The banks are facing the perfect storm!
When the outgoing head of the ECB cut the key deposit rate again to -0.50% last September, many were quick to point to the swan song of an admittedly successful European central banker as a harbinger of new troubles for the European banking industry.
Negative interest rates mean, oversimplified, lower interest income (interest income averages 60% -65% of core income and has a catalytic effect on the return on equity), and therefore, among other things, a higher cost-to-earnings ratio (key business efficiency index). Strange as it may sound, there have long been banks in Scandinavia, most recently in Switzerland, but also elsewhere that offer negative lending rates. Jyske Bank e.g. (Denmark’s third largest bank) offers ten year mortgages at -0.50%, ie it pays you 0.50% per annum to get a loan from it.
Of course, the negative interest rate regime (which is probably not a short-term parenthesis, but came to stay) is not the only serious threat to the income of European banks (not excluding domestic ones). New regulatory requirements, the signs of an impending economic downturn, the impending trade war between East and West, the disruptive forces of applied business models are exacerbating the anxiety of management, shareholders and potential investors that the worst is yet to come.
The consequence of all this is the fact that European banks, which are mainly affected by the above, are valued significantly lower than the American, but also by many corresponding, both developed and emerging markets (average share price to book value of European banks: 0.65 , American: 1.35).
In the Greek reality, the negative (for income) development of low interest rates comes to accompany the extensive, in recent years, leverage of bank balance sheets (sales and securitization of loan portfolios) carried out in an attempt to overcome the huge and unresolved problem of serviced exposures, which directly threatens the capital adequacy of banks.
It is obvious that in our country, the wind of tectonic changes in the international capital markets has not yet blown strong. Greek bond yields are at historic lows, mainly due to political stability following the July 2019 elections, but also a number of particularly positive developments in the economy (upgrades to the country’s credit rating, asset protection scheme, tax cuts, start of emblematic investments and privatizations, etc.). Deposit interest rates have followed a similar downward trend (currently averaging 0.26%) but not those of loans, which are significantly higher than European. Heavily injured, in the process of recovery, Domestic banking sector is trying to recover by not currently following the international trend in lending rates. At the same time, commission income remains low, but the solution to the problem is not the horizontal imposition of charges on all types of transactions (which also reflects negatively on the social dimension of their role), but smarter options, such as increasing commission income, e.g. , development of consulting services, asset management, bank insurance, trade support, issuance / agency of mutual funds and other structured financial instruments, stock exchange activities, further activity in the foreign exchange markets, etc.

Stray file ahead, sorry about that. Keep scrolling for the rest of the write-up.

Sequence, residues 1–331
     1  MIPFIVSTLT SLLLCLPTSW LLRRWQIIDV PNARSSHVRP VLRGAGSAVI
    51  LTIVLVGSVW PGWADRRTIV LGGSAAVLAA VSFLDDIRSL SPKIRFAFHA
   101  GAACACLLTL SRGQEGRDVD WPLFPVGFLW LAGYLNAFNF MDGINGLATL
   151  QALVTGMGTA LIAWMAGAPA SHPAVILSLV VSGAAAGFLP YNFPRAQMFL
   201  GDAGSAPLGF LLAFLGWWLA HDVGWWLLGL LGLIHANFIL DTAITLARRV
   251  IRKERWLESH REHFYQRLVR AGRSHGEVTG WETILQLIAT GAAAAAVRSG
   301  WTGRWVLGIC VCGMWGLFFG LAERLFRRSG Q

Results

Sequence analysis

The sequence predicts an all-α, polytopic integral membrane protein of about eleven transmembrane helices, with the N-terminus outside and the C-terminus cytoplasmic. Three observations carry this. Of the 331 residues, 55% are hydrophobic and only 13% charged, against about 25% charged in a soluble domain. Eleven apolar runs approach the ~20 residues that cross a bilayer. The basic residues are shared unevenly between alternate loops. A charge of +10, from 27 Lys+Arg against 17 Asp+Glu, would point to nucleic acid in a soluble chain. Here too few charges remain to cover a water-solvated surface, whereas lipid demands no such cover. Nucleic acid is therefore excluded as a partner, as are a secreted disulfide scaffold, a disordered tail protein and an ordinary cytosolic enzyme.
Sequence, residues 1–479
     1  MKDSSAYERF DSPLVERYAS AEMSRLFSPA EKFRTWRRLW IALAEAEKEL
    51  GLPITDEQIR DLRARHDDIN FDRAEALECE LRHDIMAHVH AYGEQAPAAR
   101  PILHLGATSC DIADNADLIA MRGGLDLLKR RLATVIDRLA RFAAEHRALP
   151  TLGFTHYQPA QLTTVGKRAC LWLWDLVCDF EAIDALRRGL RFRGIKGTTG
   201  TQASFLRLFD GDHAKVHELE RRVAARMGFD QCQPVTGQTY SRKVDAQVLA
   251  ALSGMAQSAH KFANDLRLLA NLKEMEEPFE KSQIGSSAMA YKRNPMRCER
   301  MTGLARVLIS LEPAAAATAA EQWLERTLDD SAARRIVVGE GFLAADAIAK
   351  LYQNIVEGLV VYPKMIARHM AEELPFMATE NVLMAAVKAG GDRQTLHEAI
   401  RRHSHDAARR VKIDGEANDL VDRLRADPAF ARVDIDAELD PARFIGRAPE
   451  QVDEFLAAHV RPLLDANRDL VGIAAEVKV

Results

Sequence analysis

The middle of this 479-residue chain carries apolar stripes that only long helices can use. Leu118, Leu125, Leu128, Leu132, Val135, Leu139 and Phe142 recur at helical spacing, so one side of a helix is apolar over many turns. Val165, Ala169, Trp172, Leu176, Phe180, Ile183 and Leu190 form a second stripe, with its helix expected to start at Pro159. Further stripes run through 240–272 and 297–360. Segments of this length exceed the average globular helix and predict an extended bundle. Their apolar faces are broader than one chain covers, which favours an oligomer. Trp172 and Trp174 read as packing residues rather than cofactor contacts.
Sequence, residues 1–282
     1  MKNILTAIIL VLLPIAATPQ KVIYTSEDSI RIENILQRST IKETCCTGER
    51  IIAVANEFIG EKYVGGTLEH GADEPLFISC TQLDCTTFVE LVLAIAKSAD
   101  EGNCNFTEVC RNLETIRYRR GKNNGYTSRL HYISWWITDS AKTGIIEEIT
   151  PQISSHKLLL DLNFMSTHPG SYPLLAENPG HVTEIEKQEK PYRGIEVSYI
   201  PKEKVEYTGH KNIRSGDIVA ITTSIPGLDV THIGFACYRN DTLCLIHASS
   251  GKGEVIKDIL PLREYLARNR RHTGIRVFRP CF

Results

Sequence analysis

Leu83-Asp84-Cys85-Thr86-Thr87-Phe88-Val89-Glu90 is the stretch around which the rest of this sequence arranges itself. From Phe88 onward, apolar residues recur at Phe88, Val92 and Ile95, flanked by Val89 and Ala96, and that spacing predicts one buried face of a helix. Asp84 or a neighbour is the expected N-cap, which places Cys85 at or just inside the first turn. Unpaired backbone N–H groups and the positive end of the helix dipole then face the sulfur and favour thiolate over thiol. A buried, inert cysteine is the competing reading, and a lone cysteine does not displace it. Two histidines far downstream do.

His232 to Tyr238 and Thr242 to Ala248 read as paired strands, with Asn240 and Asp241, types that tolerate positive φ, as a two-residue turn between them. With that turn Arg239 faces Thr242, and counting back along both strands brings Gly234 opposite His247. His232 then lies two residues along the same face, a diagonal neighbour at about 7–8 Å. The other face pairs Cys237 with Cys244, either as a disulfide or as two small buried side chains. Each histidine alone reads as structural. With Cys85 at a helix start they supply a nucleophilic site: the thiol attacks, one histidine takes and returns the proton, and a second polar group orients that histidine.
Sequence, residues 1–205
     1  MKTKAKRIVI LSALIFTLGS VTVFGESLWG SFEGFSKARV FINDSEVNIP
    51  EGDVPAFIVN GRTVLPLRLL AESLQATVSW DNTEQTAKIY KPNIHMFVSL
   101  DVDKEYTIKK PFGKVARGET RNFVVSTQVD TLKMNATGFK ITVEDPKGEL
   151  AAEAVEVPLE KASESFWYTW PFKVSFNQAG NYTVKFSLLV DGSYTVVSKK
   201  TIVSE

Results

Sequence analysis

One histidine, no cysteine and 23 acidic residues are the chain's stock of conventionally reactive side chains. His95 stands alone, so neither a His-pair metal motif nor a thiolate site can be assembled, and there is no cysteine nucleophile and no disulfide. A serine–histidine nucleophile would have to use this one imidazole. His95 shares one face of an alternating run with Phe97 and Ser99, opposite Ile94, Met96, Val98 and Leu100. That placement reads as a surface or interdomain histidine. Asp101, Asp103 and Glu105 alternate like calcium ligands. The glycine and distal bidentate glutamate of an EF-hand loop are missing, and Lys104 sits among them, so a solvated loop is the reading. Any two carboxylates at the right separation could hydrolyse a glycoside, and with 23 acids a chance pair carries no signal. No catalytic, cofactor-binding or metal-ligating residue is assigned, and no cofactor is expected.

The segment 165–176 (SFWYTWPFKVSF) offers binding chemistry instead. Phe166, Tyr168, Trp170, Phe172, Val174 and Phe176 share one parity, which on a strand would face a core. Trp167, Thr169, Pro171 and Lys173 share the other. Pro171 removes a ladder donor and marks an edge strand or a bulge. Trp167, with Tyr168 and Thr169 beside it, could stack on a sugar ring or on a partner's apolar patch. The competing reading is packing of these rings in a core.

But the equation of sustainable and sustainable organic growth includes two factors, revenue and cost. In this area (cost), domestic banks still have a long way to go to reach equilibrium. Costly voluntary staff outflows have largely exhausted their potential and administrations will now have to use more ingenious and effective ways to reduce the disproportionately high operating costs of banks.
In this battle, the creation and operation of a grid of common platforms (ATM networks, card issuing and transaction acceptance infrastructures, contact centers, regulatory compliance and generally non-differentiating functions that deviate from their core business), the use of emerging technologies and digital transformation ( introduction of artificial intelligence in advanced metadata analysis for better risk management but also in other key activities, block chain technology, cloud services, etc.) which are fundamental components of modern business models, can drastically reduce operating costs and to make banks incomparably more efficient.
In a macroeconomic environment full of threats and powerful challenges, banks are called upon to face, in addition to all these, additional enemies from their own ecosystem.
Financial technology companies (known as FinTechs), Big techs (Amazon, Facebook, Google, Apple, etc.), digital banks and other challenger banks are a strong and dangerous “internal” enemy for traditional banks. . Given their strong comparative advantages (low operating costs, very competitive product and service charges, promptness and speed of service, strong state-of-the-art technological infrastructure, access to huge databases, freedom from the burdens of non-performing loans and forecast needs, etc.). ) are, without a doubt, a present and clear threat to future profitability, but in the long run perhaps also to the viability of traditional banks in their present form. An insurmountable need but also a strategic one-way is the adjustment and restructuring of the business models of operation and organic development of the traditional banks, which must necessarily take seriously the new and emerging financial market conditions internationally. With the return on equity (ROE) at just 2.89% for the first half of 2019 (compared to the also relatively low 6.86% across Europe) the impasse is a given.
With this perfect storm not just visible but in full swing, the saying “either we change now or we sink” could not be more relevant.
- Mr. Elias E. Xirouchakis is Deputy Chief Executive Officer of the Financial Stability Fund.